Lincoln Hall: Mountaineer who miraculously survived a night left for dead on Everest

 

Overcome by a severe form of altitude sickness, and showing no vital signs, Lincoln Hall was left for dead near the summit of Mount Everest by his Sherpa guides. The next morning, another climbing party found him sitting cross-legged near a precipitous drop, frostbitten and delirious, but still alive. "I imagine you're surprised to see me here," he told them.

It was May 2006, and Hall had just survived a night alone at more than 28,000ft, without oxygen or protective clothing. He had resolved, he explained later, that "I can't die, because I'm going back to my family. I wasn't going to let it happen; I just had to stay alive".

The extraordinary survival tale made Hall a celebrity, and gave him an aura of indestructibility that has made his death from mesothelioma, at 56, seem all the more shocking. "We thought right to the end that he'd be able to fight his way through this again... but I guess we have to finally admit that he wasn't invincible," said his long-time friend and climbing partner, Simon Balderstone.

He and others close to Hall – believed to have contracted the rare cancer because of exposure to asbestos in his youth – are mourning not only an internationally respected climber, but a prolific writer with a deep spiritual connection to the region where he tested himself repeatedly. Hall embraced Tibetan Buddhism, took up the Tibetan cause and founded a programme to establish schools in the Himalayas.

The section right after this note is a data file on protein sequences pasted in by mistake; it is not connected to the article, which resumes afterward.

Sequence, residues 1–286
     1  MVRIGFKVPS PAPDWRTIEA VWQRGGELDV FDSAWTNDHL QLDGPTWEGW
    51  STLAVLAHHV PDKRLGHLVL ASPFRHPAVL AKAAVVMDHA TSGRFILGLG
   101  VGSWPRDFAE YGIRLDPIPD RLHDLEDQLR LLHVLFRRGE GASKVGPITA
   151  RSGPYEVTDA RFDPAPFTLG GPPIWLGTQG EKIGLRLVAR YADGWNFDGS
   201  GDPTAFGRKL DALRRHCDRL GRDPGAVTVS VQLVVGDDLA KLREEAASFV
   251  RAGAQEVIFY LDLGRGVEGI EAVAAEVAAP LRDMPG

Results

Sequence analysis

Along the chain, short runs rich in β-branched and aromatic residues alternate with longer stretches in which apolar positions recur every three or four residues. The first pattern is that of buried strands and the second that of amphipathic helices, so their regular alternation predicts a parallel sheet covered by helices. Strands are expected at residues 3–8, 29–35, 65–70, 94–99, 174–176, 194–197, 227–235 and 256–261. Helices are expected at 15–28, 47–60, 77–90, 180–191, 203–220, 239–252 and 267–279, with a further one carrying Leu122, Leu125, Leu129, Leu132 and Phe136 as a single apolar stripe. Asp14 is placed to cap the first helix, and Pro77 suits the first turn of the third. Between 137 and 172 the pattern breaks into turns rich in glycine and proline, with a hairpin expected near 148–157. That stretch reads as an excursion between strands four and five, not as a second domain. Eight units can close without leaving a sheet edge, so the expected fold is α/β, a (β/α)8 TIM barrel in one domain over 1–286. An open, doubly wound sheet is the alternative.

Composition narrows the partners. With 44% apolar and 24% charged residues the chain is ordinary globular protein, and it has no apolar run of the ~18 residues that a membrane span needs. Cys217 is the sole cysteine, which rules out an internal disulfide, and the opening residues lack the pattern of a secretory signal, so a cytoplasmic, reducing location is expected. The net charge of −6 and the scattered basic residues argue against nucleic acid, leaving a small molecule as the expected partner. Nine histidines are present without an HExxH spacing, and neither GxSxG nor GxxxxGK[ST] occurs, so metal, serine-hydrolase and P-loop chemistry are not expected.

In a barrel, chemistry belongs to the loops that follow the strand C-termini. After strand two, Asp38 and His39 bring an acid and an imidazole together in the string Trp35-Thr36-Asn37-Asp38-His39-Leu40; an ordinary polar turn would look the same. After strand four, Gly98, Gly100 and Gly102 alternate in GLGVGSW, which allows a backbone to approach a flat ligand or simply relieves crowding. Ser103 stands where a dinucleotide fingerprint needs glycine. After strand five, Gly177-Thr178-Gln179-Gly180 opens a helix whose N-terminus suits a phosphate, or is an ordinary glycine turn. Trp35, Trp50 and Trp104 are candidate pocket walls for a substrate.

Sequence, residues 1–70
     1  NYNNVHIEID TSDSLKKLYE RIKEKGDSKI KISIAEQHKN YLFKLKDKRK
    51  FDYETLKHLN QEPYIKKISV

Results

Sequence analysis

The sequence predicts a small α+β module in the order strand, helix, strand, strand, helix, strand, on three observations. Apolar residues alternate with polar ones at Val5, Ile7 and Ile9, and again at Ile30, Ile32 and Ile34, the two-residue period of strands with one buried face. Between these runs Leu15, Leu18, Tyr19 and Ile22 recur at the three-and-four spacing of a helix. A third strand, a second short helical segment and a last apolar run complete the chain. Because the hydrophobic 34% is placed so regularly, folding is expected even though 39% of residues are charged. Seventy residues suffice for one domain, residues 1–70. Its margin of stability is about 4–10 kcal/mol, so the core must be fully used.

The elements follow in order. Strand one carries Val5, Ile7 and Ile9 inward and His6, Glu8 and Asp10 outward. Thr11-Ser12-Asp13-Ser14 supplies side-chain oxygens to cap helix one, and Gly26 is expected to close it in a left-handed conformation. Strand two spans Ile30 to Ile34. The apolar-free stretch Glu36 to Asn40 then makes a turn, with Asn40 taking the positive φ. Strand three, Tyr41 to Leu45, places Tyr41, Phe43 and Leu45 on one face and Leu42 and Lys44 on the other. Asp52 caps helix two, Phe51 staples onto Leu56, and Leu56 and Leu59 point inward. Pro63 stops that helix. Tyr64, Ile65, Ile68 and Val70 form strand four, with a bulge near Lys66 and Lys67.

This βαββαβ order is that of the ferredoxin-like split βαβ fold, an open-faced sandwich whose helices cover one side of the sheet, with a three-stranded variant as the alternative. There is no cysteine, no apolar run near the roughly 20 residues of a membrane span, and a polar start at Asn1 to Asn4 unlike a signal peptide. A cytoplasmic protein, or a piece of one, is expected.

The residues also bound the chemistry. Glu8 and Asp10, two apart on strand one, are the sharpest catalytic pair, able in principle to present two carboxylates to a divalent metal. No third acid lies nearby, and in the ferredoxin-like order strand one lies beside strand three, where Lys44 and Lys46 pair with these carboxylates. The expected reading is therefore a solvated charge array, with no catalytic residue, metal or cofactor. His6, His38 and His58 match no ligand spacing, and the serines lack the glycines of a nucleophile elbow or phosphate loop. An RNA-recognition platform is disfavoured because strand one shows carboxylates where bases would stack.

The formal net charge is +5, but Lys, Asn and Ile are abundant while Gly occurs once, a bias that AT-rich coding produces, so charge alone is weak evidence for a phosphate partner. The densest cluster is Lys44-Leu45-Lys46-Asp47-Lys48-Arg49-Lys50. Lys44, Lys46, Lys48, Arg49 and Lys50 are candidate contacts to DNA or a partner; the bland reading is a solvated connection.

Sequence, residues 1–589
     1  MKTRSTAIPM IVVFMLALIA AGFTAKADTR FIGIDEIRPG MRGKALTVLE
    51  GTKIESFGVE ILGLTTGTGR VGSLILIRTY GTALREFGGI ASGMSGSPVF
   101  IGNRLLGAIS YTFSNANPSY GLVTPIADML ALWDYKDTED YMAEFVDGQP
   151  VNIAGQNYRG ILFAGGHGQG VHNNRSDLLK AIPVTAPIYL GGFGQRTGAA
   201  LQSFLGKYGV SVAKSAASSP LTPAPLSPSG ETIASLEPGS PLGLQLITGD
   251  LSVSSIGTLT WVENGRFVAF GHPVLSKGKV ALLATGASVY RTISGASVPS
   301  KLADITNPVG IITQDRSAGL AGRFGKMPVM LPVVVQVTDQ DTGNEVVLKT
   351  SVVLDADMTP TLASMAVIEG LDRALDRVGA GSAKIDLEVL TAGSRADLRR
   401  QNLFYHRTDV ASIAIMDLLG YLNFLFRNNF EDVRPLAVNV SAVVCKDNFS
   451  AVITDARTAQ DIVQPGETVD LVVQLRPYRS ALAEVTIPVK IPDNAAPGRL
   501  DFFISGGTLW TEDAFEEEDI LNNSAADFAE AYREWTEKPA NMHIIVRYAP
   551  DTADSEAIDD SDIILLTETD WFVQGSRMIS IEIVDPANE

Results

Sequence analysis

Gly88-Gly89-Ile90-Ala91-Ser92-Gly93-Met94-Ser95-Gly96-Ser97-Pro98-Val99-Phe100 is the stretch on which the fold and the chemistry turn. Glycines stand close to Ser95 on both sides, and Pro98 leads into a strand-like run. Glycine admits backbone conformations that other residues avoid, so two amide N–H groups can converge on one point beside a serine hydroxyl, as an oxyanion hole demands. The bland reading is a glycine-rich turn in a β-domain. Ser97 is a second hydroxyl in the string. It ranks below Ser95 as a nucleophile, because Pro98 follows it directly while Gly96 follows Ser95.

Born in Canberra on 19 December 1955, he began rock climbing at 15. "I was amazed to find a whole new world that required intense focus, precise judgement and the willingness to take risks," he wrote later. He studied zoology at the Australian National University, where he joined a mountaineering club, going on to scale peaks in New Zealand, the Andes and Antarctica.

In 1984, he was a member of the first Australian Everest team, which scaled the mountain's north face, forging a new path for climbers without oxygen. While two of his companions reached the top, he stopped a few hundred yards short. "To survive as a mountaineer, the most important skill is knowing when to draw the line, and I could see it then as clearly as if it were painted in the snow," he said.

White Limbo, about the expedition, was just one of a dozen or so books which Hall wrote – about his own experiences, and about fellow mountaineers and adventurers, including Douglas Mawson, the Australian Antarctic explorer. Dead Lucky was his account of surviving his second assault on Everest, which also inspired a 2008 documentary, Miracle on Everest.

This time Hall reached the summit; however, on his way down, he collapsed, struck by cerebral edema, a brain swelling that causes hallucinations and extreme fatigue. The Sherpas spent hours trying to revive him and drag him to safety, but were eventually ordered to leave by the expedition leader. They took Hall's pack, sleeping bag, water, oxygen and food. His death was announced, and his family informed.

The next morning, an expedition led by an American guide, Don Mazur, found him, wearing just a thin fleece top, and with no hat, gloves or sunglasses. They abandoned their summit bid to save him. Hall, who lost a toe and the tips of eight fingers, attributed his survival partly to his training in deep-breathing meditation and his decades of mountaineering experience, which had "hard-wired" him never to give up.